Loans and cash part of Nats' job cut support package
National's planned support package for workers laid off in the wake of an expected global recession could include loans and cash assistance, the party's leader John Key says. National will announce the package later this week.
National will announce the package later this week.
Treasury and the Reserve Bank are picking unemployment could head up from below 4 percent to above 5 percent as New Zealand struggles with a recession that is likely to be lengthened by the current global economic turmoil.
Mr Key today said National wanted to help New Zealanders with financial commitments and liabilities who lost their jobs as a result of the economic head winds.
"It's almost inevitable as the real economy slows down as a result of the credit crunch, some New Zealanders will lose their job," he told reporters today.
"I just want to make sure that they have the assurance, even if it's only on a temporary basis, they will have some support to meet their commitments. That's what that package will be designed around."
Speaking earlier on TVNZ's Agenda programme, he said the package would be for people who the government was confident would again find work "over time" and could include loans or cash assistance.
"There may be a combination of types of things in that area, so it's specific and it'll be people who can't meet their liability, who would otherwise potentially default for instance on a loan they might have, or their mortgage is an example."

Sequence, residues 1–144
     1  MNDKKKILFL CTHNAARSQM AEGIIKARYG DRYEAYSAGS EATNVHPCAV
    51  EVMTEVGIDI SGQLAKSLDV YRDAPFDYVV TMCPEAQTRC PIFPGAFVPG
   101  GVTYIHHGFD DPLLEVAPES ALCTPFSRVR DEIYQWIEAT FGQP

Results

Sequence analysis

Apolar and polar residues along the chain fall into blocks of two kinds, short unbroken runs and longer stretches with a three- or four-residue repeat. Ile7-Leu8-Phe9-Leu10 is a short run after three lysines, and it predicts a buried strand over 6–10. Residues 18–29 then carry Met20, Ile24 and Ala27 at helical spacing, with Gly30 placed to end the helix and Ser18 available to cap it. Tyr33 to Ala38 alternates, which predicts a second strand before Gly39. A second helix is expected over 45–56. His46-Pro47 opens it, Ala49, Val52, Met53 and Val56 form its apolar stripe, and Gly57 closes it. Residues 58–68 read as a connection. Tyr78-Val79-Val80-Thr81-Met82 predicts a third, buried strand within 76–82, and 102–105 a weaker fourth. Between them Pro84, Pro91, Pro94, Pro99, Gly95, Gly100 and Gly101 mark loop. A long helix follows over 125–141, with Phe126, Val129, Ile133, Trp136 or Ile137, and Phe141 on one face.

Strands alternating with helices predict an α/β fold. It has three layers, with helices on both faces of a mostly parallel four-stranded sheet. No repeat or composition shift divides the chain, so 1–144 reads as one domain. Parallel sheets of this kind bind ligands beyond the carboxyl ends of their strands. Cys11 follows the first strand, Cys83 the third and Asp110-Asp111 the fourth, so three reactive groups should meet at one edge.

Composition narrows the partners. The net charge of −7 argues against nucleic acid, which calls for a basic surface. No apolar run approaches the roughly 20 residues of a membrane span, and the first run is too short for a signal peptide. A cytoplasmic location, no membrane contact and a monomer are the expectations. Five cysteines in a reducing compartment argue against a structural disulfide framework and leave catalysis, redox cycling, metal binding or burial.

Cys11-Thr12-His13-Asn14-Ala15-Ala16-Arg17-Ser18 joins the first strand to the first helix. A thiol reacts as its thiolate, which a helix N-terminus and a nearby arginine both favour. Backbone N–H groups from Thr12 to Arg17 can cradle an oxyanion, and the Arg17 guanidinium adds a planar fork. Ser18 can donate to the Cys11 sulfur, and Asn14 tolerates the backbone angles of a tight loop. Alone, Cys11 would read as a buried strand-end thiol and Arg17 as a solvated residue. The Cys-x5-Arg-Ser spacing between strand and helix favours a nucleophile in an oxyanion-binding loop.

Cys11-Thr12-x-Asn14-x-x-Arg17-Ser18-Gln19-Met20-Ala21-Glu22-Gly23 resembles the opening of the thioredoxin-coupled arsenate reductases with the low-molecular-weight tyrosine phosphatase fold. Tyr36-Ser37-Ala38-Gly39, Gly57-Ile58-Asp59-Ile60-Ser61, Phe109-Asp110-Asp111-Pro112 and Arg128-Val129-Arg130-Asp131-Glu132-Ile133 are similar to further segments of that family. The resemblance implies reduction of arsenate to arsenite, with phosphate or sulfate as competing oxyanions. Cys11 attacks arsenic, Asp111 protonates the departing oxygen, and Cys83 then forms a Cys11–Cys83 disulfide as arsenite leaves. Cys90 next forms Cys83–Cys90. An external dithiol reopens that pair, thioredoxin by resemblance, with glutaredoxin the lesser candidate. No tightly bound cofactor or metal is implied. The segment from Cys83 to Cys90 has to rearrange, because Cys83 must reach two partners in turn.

Mr Key would not say how it would be paid for, but said it would be "affordable and reasonable".
"There will be some costs, but as I've said that's got to balance up against the cost against families."
He said the support would be part of a three-pronged approach to managing New Zealand's economy through the turmoil.
The other two parts would be ensuring liquidity through deposit guarantees and other similar measures, and ensuring the government pursued policies that promoted economic growth.
Mr Key also used the programme to attack the prospect of a Labour-Greens government which he said would hinder economic growth, lower New Zealand's credit rating and the confidence of foreign investors.
But Labour finance spokesman Michael Cullen said foreign investors could be "absolutely confident of on-going political stability" under a re-elected Labour-led government.
He accused Mr Key of stoking investors' fears, but said his comments did not stack up.
"The reality is that Labour has emerged from the last three general elections to deliver strong government because of Labour's professional working relationships with a number of other parties."